For many years now, British and American Zionists have complained that progressives pick on Israel, expect higher standards from that government and most iniquitously, that any criticism of their land is in effect a lightly disguised and now approved expression of anti-Semitism. Using a combination of guilt, suggestion and aggression they have managed to, if not suppress, certainly inhibit fair and free debates on the Zionist nation. Think of it as global super injunction. The unreasonable, absolutist supporters of Israel include some crazies but are mostly highly educated, talented professionals and fierce advocates of free speech. These days they are heeded less and so are getting more strident. But what if some of their complaints are valid and justifiable? Do I dare think that, and then say it? And if I do, is that a betrayal of a righteous cause?
These thoughts have been spooling round and round in my head this last month. As Gaddafi systematically massacres his people and the country descends into civil war, as armies slaughter civilians in Yemen and Bahrain, now Syria, I ask why good people have focused only on Palestine/Israel for more than half a century and not attended to the brutality and oppression endemic in the Islamic states. Is it OK for dictators to do what they wish within their own borders to crush democratic demands? I think not, and strongly. No flotillas for their victims? One fact that is kept tightly sealed and buried is this: More Muslims are killed by their brethren in religious and power struggles than are killed by foreign powers and that, as far as I can ascertain is true even after the war on Iraq. It could be that some of the relentless focus on Israel does indeed rise out of a deep stream of anti-Semitism. It is also a useful displacement activity.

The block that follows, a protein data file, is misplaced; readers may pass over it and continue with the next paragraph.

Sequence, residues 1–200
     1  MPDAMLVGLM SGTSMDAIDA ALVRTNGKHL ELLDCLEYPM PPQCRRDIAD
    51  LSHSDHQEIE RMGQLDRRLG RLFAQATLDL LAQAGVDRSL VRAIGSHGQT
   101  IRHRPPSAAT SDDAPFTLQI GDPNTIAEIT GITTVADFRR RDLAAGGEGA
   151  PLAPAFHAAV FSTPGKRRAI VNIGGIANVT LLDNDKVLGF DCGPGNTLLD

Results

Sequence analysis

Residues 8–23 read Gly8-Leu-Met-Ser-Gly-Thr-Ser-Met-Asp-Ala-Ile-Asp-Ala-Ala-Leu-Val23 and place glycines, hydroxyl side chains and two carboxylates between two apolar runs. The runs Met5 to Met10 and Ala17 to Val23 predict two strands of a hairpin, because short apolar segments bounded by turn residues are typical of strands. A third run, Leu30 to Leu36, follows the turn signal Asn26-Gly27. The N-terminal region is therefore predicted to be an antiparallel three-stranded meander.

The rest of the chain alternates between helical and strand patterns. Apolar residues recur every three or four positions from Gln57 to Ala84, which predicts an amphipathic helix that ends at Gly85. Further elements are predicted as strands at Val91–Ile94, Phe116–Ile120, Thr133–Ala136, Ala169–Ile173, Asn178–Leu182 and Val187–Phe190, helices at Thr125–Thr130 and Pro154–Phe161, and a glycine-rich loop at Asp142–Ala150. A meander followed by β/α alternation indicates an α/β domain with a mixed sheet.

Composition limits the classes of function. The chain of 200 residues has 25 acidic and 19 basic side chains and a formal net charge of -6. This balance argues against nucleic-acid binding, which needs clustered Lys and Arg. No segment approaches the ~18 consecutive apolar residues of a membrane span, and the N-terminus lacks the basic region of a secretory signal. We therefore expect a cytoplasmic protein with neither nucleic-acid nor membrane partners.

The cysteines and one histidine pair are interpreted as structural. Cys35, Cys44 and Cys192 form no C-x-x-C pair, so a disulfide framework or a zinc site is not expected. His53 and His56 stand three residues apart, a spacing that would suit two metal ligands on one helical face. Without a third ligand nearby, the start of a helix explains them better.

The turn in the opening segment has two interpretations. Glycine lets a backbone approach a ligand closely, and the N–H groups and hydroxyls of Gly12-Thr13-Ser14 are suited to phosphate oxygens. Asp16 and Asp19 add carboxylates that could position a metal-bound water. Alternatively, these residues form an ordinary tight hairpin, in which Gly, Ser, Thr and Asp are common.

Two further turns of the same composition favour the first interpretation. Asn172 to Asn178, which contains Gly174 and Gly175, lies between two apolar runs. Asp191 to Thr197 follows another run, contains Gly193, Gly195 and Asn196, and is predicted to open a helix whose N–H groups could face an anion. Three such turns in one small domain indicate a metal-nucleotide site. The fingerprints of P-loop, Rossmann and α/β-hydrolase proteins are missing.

Last week I drove past the Syrian Embassy – where I know and like some individuals – and there were a handful of protesters outside, looking hopeless and pathetic. No massive demos pass outside the grand Saudi or Bahraini sites in London either while boys are being hanged in Bahrain for daring to dissent. Why the double standards? We have an obligation to judge all governments and rulers by the same universal values, to listen to Zionists who complain of unfair treatment and open our minds as we enter a new era in the Middle East.
Reading nuanced analyses by thoughtful Jewish thinkers has been illuminating. Change is in the air. On the website of the Union of Jewish Students you can find, for example, the text of a speech by Mike Davis at the Herzliya conference: “[the unfolding events] show that the world can change with alarming speed and that our basic assumptions can be overturned in the blink of an eye. They and the reactions of the West demonstrate the potency and very real nature of the security challenges faced by Israel at this juncture in history. . . .” Davis goes on to tackle the “line between criticism of Israel and delegitimisation.” “Not every criticism of Israel is delegitimisation. Not even every untrue or unfair criticism of Israel is delegitimisation. In fact, the link between ‘criticism’ and ‘delegitimisation’ is sometimes overstated, damaging the credibility of our responses . . . If the Israeli government had internalised and prioritised the threats to its legitimacy then perhaps it would have understood the need to be seen to be doing everything possible to break the deadlock. We control the land. We hold the people. It is up to us. We need to accept that burden.”